Boris Johnson's spokesman has failed to deny claims that the prime minister told aides in Downing Street last year he would rather let coronavirus "rip" than impose a second lockdown.
According to The Times, the prime minister was said to have argued in September that there was no evidence lockdowns worked and described them as "mad".
The newspaper reported that Mr Johnson repeatedly said he would rather "let it (coronavirus) rip" during this period than implement another lockdown, due to the harm to businesses and people's livelihoods.
The fresh allegations about the prime minister's handling of the COVID-19 crisis come a day after Mr Johnson was forced to publicly deny he said in October that he would rather "let the bodies pile high in their thousands" than impose another lockdown.
Both the prime minister and Number 10 were forthright in their denial of those remarks, which were published by the Daily Mail on Monday and later corroborated by the BBC.
But, on Tuesday, Downing Street was less clear about the report in The Times.
Mr Johnson's official spokesman said: "I have seen the various reports and speculation which distort the actions of the prime minister.
"At all times he has been focused on saving lives and livelihoods."
Asked a further two times, the spokesman did not offer a denial.
Since March 2020's first lockdown, Mr Johnson has imposed two more national shutdowns in England - a month-long period in November, which saw schools stay open, and one in January this year, when ministers highlighted the impact of the Kent variant of the virus.
The allegations about Mr Johnson's comments during his handling of the COVID crisis come amid a bitter feud between Downing Street and the prime minister's former chief adviser, Dominic Cummings.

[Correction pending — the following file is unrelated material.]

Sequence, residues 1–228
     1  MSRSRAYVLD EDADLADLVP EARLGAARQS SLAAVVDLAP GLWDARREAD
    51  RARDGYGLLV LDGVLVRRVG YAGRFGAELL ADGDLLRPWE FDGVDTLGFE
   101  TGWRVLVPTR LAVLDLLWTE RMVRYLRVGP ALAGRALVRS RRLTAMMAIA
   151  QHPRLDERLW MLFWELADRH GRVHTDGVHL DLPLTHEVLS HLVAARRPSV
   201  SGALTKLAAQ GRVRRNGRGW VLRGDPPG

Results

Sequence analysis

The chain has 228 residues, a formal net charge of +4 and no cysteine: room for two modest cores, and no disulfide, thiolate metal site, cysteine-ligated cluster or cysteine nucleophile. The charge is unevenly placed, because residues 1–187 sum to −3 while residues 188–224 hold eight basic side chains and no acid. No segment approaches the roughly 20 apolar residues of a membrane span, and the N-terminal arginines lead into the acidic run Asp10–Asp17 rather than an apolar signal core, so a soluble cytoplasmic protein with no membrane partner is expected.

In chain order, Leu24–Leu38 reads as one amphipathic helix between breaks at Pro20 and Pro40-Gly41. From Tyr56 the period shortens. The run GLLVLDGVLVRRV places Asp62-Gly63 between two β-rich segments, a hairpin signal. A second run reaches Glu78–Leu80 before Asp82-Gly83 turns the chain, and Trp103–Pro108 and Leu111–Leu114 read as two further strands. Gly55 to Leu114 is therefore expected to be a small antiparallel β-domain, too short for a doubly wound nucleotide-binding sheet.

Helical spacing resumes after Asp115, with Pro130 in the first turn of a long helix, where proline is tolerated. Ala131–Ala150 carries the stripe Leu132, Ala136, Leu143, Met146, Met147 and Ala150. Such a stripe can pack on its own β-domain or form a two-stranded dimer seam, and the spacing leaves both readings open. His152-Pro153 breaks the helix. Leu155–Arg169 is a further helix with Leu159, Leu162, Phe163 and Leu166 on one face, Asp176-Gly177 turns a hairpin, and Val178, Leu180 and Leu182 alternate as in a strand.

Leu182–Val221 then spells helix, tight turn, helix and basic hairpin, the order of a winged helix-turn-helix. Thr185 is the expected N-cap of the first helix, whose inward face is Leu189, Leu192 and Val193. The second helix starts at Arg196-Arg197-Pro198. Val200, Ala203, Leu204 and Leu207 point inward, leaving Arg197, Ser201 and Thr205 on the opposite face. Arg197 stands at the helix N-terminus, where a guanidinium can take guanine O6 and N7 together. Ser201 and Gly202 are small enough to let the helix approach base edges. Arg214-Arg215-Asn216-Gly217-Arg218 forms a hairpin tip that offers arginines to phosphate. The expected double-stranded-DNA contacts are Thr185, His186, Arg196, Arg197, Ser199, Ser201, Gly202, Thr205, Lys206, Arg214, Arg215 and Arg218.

Last week, Number 10 "sources" were quoted in newspapers as blaming Mr Cummings for recent leaks about the prime minister's private conversations.
But Mr Cummings hit back and denied "false accusations".
He went on to make a series of explosive claims in a 1,000-word blog post about Mr Johnson, in which he also questioned the prime minister's "competence and integrity".
Among the allegations published by Mr Cummings were claims the prime minister devised a plan to have donors "secretly pay for the renovation" of his Downing Street flat.
Labour's deputy leader Angela Rayner on Tuesday wrote to Cabinet Secretary Simon Case to ask whether Mr Johnson's former press secretary, Allegra Stratton, last month "knowingly misled journalists and the public, or was misled herself by senior members of the government".
It comes after Ms Stratton told reporters last month that Conservative Party funds "are not being used" to pay for the refurbishment of the prime minister's flat.
But both Number 10 and the Conservative Party have since not denied reports that the Conservative Campaign Headquarters (CCHQ) paid the Cabinet Office to cover initial costs of the works.
The ongoing row over what Mr Johnson was said to have done has prompted alarm among senior political figures, who are worried it is distracting the prime minister and the government.
Lord Kerslake, the former head of the Civil Service, was among those critical of the response to the ongoing questions, telling Sky's Beth Rigby that "it comes across as chaotic, a toxic atmosphere... that will do damage."
Senior backbench Conservative Sir Roger Gale, was another concerned about the impact of the questions, telling Sky's political editor: "The prime minister... is being distracted by matters that he frankly ought not to have to be concentrating on at the moment."